The Smart City vision is a big one and so is the global market opportunity. Smart Cities are interconnected, sustainable, low carbon cities striving to be more competitive, livable and attract more investment than traditional counterparts. The vision spans mobility, transport, buildings, infrastructure, energy and water management, security, even healthcare and governance. The market will grow to $1.5 Trillion in 2020.
Many of the biggest players are involved. IBM’s Smart City is part of their “Smarter Planet”. Microsoft calls it CityNext. Cisco is after the Internet of Everything and GE is focused on the Industrial Internet. Accenture and Siemens have formed the Omnetric. ABB, Schneider, Hitachi and Toshiba are there. Gartner has a Hype Cycle for it. Exciting young companies building innovative technology and new business models are making a big impact, too.
The fabric of Smart City is diverse and there are major opportunities in each thread. This integrated technology market is driving extraordinary M&A opportunity. Some high profile deals include Schneider’s acquisition of Invensys for $5.6B and Google’s purchase of Nest for $3.5B. Cisco paid 12x sales for startup JouleX. Marlin Equity and Toshiba each bought 2 energy management companies. Corum is in the thick of it with multiple clients and several recent closes.
Some of the dominant technology themes are:
- Internet of Things – IoT devices connect other devices, appliances, equipment machines and buildings. Advanced sensors that drive big data analytics and automation are central to this change.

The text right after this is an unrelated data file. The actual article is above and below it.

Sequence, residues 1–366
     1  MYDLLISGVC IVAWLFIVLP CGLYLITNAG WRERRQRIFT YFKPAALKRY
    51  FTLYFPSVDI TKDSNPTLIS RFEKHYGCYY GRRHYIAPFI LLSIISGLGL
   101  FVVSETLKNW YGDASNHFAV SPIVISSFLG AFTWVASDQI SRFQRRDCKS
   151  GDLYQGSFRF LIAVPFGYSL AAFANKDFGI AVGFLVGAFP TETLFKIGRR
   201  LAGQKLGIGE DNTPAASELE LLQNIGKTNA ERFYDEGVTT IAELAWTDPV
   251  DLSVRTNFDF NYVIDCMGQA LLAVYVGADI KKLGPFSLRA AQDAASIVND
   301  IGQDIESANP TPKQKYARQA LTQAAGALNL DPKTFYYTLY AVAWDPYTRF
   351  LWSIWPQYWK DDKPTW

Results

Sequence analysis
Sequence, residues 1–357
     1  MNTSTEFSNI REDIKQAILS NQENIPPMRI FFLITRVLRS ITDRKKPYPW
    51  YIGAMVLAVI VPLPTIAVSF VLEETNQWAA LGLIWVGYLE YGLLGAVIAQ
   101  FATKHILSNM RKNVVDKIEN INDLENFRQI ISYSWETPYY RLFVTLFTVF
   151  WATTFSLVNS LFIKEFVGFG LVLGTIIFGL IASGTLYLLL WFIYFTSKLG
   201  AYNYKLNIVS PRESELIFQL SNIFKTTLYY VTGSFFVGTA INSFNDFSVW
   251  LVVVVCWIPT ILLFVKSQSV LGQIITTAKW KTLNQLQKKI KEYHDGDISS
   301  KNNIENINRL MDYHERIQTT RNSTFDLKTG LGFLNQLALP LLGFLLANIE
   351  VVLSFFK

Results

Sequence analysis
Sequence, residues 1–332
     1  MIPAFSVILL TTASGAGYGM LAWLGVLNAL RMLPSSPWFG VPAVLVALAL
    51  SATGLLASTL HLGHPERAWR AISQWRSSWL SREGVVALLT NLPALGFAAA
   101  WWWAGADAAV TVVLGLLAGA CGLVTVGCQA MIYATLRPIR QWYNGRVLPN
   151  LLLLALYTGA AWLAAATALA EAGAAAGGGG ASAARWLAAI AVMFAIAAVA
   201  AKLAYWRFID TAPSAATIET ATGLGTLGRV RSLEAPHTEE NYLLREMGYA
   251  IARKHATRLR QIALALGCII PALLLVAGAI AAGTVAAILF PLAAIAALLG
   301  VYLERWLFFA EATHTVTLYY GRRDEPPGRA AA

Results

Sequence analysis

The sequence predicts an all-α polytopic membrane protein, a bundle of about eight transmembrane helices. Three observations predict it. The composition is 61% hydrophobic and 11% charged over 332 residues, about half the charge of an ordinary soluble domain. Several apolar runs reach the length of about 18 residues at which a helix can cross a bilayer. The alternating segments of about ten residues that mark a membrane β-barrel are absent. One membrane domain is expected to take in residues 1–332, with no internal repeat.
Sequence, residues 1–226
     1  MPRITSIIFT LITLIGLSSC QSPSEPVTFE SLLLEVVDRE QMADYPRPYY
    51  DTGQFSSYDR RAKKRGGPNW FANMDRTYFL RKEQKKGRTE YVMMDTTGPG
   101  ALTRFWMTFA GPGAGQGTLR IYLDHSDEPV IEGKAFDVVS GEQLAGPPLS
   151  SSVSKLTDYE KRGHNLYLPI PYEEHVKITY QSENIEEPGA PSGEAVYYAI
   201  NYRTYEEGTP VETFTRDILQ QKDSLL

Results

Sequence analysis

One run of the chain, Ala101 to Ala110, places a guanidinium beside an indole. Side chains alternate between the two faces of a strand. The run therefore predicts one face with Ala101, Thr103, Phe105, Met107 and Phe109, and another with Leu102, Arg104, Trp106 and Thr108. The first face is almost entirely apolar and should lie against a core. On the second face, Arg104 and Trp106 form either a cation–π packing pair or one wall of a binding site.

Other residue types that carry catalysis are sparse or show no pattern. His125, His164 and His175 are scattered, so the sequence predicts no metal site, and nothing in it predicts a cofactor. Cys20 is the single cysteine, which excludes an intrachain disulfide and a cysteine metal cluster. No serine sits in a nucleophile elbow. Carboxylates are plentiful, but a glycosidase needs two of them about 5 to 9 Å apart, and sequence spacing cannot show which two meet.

- IT and OT Convergence - information technology and operations technology come together to make the asset infrastructure more connected, automated and remotely controlled.
- Big Data Analytics – tools to mine the vast volume, velocity and variability of data from the IoT to deliver more insight and better, faster decision making.
- Smart Grid and Smart Meters – IT and OT to make the electric power grid more self-healing and secure.
- Energy Management including distributed generation, micro-grids and power storage.
- Location tracking and contextual intelligence.
- High Bandwidth Internet - new business models like public/private partnerships that deliver broadband as a municipal service. Google Fiber experiments in Kansas City and Provo are just a start.
If you are building a company capable of becoming an important thread in the smart city fabric, one that can flourish in the middle ground where sustainability and carbon friendly technologies create better living conditions, competitive and economic advantage, then you have a unique opportunity.